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Community Of Experts Paves Path To The Future

Team Seeks Low-Carbon Supply Chain

1 August 2016

With its ever-increasing portfolio of skills, Costain needs more and more experts to develop solutions to problems and bring new techniques to fruition.

Every six months, just such a group meets up to exchange ideas and combine their brainpower to come up with answers to technical challenges.

The Engineering Expertise Community (EEC) provides cross-fertilisation among experts from areas throughout the Company.

“Given that we are an engineering solutions business, the EEC brings together a network of the people who are the backroom team, the horsepower, the engine that sits underneath our ability to solve customer problems,” said Group Technical Director Bill Hewlett, who runs the EEC.

“We meet every six months. Of course, we do a lot outside those meetings but occasional face-to-face contact is very important for people. The conversations that occur over coffee or lunch, or in the corridors, are as important as any other part of the meetings.

“It’s wonderful to widen that engagement between people.”

Creating this network of specialists brings real benefits: “People bring their particular problems or things they’ve learned to the meetings. For example, some of the guys in the Water sector in Severn Trent Water were working on some issues with GRP tanks. They knew immediately there was a group on the Greater Manchester waste management contract who had had solved something like this, so they could make contact very quickly.”

To help this process, a database listing individuals’ expertise is maintained and constantly refreshed, said Bill.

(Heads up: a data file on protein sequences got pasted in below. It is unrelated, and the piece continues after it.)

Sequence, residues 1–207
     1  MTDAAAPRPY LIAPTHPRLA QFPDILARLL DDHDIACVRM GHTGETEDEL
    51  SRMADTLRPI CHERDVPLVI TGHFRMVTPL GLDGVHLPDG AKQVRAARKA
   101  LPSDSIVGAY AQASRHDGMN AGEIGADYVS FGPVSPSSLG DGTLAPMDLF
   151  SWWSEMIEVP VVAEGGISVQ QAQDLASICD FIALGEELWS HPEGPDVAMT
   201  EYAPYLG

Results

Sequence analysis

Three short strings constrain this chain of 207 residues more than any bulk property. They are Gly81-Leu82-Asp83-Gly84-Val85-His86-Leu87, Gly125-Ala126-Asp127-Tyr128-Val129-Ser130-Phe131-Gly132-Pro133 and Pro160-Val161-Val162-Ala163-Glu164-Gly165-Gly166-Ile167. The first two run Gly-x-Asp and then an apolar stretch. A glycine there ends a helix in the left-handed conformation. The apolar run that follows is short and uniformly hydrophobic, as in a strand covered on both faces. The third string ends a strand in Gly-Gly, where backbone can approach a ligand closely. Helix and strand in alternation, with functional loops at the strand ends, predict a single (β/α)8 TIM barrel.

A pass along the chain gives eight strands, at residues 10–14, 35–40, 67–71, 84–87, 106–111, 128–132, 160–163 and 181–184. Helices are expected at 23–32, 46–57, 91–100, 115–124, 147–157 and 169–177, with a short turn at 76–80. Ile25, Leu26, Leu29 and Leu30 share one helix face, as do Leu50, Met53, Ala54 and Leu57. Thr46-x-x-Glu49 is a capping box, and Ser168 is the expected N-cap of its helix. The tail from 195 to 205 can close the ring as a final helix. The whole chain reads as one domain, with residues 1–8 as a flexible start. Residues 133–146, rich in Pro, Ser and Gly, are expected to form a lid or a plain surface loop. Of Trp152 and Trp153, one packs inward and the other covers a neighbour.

There are around 100 staff members in the EEC and 50-60 typically attend the bi-annual meetings.

The last such meeting took place in July at chemical giant BASF’s Cheadle UK research base. BASF is an important member of Costain’s supply chain and hosted a two-day event. They were joined in Cheadle by a select group of Costain’s supply chain partners, noted for their innovation and value-add to the industry.

The first day looked specifically at concrete technology, in which BASF is deeply involved, with the EEC’s own meeting taking place on the second.

“An important theme for us was: ‘What does it mean to a business to be research-led?’” said Bill. “This has been BASF’s bread-and-butter for their own 151 years of history, so learning from their expertise makes sense. Then if you look at our acquisition of Simulation Systems Ltd., (SSL) that’s a company that’s very much research and development-led, which underlines the direction of travel at Costain. We were delighted that eight members of the SSL team were able to join us on the day and tell us about their work.”

It is a very different world from the traditional construction and engineering sector. It means making budgets available for research and development – sometimes speculatively – “and only sometimes do you develop a solution that you can then market; it needs real insight.

“At the gathering, Oliver Teall led a presentation presenting the 11 PhD students employed by Costain, presenting their ideas on how they saw what they do and the future, and how the deeply-embedded expertise we have across Costain is vital to that.”

By supporting them through their studies Costain is both helping them develop their careers and developing the Company itself, said Bill.

 

Ends


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